5 Reasons Your Conflict Resolution Strategy Isn’t Working

Sometimes, it’s like banging your head against a brick wall. A conflict is escalating out of your control and every time you try and resolve it or even manage it, things get worse. I’ve been in this situation and I’m sure you have too.

It might be that you feel so secure that you are right that you carry on with legal proceedings despite legal costs mounting or maybe your anger and frustration with the lack of a desirable response from the other person is ruining a valuable relationship.

There are plenty of ways that you can turn things around and some academics believe that this is best done when there has been a softening of both sides. For example, the conflict has dragged on for so long that you both realise how damaging it is or you are both just depleted of energy. Before getting to that point, go through some crucial conflict considerations to understand whether you should be making more of an effort to resolve the conflict differently.

There are, however, many reasons why your conflict strategy isn’t working and here are five to get you thinking.

The Reasons It’s Not Working

  1. You’ve forgotten your emotional options. Anger, frustration, rage, hurt. These are recurrent emotions I come across when resolving conflict. It’s completely normal to feel them together with a diminished sense of self-esteem and respect. Our emotions are powerful and channelled in the right way, can add vigour and energy to a project or relationship but they can also cloud your judgment. This is true of negative emotions as well as positive. We may  see life through rose-tinted glasses which may not always be appropriate. If you feel your emotions are getting the better of you, pause, get some distance and when you have calmed down again, change how you engage with the other person.
  2. Communication has become destructive. This could result from strong emotions. Using insulting or disrespectful language could easily escalate conflict as can the silent treatment. Acknowledging emotions, apologising, expressing your own emotions in a healthy manner can all make headway in breaking down walls to a resolution. I’ve certainly communicated badly in the past, especially when I felt furious but an apology or even an acknowledgment of the hurt that I caused built bridges in our communication. That’s an act of self-accountability that requires some amount of eating humble pie.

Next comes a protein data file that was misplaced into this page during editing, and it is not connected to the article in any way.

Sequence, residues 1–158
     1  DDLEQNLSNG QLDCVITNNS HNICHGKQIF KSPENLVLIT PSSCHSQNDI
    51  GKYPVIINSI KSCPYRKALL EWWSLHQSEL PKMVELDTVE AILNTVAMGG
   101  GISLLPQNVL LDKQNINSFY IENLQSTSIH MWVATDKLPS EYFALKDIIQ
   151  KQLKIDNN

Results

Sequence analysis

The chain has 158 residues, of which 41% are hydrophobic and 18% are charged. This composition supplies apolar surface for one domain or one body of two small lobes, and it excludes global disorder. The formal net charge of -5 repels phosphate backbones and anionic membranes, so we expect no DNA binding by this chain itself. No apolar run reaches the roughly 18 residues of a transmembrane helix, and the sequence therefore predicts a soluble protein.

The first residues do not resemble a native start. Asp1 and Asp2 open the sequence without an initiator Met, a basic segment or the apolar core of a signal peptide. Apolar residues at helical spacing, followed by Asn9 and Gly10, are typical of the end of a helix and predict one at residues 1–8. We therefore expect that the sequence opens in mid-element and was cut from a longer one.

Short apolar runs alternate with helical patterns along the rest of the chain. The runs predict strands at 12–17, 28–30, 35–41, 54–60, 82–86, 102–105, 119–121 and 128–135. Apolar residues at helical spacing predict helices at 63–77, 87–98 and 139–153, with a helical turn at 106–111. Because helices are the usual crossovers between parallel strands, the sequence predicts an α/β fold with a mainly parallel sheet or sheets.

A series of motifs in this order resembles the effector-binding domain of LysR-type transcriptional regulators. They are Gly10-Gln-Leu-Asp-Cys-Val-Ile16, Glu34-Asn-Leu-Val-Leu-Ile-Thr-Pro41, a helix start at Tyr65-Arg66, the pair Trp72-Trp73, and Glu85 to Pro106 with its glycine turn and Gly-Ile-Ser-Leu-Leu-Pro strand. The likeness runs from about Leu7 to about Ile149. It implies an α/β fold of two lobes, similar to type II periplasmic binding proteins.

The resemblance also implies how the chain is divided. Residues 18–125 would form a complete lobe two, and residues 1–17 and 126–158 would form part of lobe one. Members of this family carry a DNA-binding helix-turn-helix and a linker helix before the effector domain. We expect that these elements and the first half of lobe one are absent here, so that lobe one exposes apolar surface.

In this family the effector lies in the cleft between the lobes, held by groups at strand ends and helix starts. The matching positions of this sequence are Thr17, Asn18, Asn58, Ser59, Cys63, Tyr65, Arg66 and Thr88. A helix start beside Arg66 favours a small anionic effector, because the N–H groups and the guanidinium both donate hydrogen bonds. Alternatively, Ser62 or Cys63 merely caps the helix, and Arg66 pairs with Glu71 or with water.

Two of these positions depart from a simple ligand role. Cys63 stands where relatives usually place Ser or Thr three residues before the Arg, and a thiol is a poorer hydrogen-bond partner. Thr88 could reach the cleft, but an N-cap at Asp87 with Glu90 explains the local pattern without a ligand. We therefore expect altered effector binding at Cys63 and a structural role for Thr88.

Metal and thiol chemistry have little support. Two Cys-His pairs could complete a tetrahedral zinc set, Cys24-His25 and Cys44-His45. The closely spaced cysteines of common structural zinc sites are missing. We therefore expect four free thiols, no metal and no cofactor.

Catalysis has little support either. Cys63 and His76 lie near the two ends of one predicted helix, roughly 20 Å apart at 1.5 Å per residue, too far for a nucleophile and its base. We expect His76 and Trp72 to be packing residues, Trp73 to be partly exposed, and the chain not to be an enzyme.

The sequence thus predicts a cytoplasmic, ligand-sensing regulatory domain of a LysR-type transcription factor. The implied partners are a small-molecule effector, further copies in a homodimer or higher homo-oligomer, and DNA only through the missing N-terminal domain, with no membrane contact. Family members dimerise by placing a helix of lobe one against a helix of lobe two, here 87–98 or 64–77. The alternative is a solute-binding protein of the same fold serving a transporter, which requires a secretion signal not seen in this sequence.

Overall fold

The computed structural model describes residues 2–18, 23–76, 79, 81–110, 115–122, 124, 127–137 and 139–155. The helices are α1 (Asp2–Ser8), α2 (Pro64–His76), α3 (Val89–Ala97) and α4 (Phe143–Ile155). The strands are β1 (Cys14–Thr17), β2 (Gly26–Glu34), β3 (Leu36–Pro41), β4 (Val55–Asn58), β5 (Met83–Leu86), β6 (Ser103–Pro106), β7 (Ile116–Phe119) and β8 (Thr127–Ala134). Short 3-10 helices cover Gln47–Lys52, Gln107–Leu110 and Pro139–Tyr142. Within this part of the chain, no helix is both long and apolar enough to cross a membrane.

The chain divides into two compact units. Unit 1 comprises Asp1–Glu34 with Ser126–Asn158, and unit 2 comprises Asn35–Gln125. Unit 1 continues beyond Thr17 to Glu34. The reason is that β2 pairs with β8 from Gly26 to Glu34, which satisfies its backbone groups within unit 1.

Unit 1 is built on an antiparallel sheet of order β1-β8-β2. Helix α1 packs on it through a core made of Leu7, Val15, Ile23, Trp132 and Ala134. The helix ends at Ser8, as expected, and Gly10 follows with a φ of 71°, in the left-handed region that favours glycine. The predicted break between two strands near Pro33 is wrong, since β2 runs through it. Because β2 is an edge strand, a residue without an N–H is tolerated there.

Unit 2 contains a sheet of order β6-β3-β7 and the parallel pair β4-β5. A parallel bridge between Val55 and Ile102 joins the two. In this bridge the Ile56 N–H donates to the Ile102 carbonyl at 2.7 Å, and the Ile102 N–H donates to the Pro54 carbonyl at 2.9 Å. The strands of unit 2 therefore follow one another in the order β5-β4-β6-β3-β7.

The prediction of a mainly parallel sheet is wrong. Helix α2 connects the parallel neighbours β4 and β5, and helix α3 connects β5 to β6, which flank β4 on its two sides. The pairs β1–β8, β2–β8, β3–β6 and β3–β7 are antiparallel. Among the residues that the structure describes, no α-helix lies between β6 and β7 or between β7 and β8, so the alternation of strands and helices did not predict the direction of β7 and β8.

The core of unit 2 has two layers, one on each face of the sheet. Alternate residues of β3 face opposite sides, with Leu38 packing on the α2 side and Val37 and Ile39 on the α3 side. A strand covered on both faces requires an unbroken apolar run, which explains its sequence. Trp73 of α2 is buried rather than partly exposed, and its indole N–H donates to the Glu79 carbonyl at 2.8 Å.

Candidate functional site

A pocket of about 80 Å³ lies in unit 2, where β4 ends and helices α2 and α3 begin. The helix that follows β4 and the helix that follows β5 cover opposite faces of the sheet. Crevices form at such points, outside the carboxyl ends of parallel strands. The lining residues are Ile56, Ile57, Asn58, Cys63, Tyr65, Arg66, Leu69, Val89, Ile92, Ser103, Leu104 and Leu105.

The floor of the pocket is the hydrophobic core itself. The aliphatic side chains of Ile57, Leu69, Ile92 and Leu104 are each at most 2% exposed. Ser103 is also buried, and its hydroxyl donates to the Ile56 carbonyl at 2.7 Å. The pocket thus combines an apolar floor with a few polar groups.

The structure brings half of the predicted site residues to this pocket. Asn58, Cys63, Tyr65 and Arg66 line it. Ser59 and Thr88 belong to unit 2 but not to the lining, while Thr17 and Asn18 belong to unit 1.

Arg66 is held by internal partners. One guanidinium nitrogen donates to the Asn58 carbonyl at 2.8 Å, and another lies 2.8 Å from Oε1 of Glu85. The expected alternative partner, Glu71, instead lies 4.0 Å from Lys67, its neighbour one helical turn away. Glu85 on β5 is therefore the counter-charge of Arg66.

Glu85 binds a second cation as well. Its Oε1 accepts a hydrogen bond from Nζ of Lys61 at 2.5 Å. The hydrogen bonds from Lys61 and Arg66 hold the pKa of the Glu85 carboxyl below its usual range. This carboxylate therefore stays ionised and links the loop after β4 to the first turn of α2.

3. You haven’t adapted your style to the conflict. Every conflict is different and as it changes and develops, you’ll need to adapt your strategy. You may find that certain aspects of a conflict require making concessions, especially if they are not important to you but in other areas, both of you could benefit from taking a win/win approach and finding creative solutions to satisfy both of your interests.
  4. Positional bargaining is more important to you than needs and interests. Sticking to an ego-driven narrative that you are right and the other is wrong will keep you in conflict. That works in a legal dispute if you can afford mounting legal fees but if you can’t, moving away from positions and towards identifying needs and interests will prevent a stalemate.
  5. You’re finding it hard to empathise.  That’s understandable when you are in conflict but it can mean you lose perspective. Start thinking about the other person as a human being with needs, desires and interests just like you. You might find out that they are the same as yours. The first that you have in common which may even be the cause of the conflict, is a need to be respected, to have healthy self-esteem and to have an appropriate level of intimacy and connection with all beings. Seeing people in this way will stop your experiences from turning them into the enemy and allow you to view the conflict differently. If you can’t do that because you are angry, try and identify which of your needs are unfulfilled. Perhaps instead of anger, you really feel hurt by somebody’s behaviour because your needs were neglected in some way.
  6. Your timing isn’t right. Parties negotiate when they believe the other options for resolving conflict will be too costly and damaging. It’s often referred to as a mutually hurting stalemate and refers to the situation when both parties realise they cannot win and continuing the conflict will harm them. Ultimately, both parties need to perceive that at this point in the conflict, a negotiated settlement is possible.  This helps with the timing of initiating negotiations and parallels can be drawn with inter-personal or employment disputes.

There are always ways to resolve conflict. The important thing is that you manage it before it causes you more harm than you can handle. You might even want to seek the help of a mediator.

Leave me a comment to let me know what you think!

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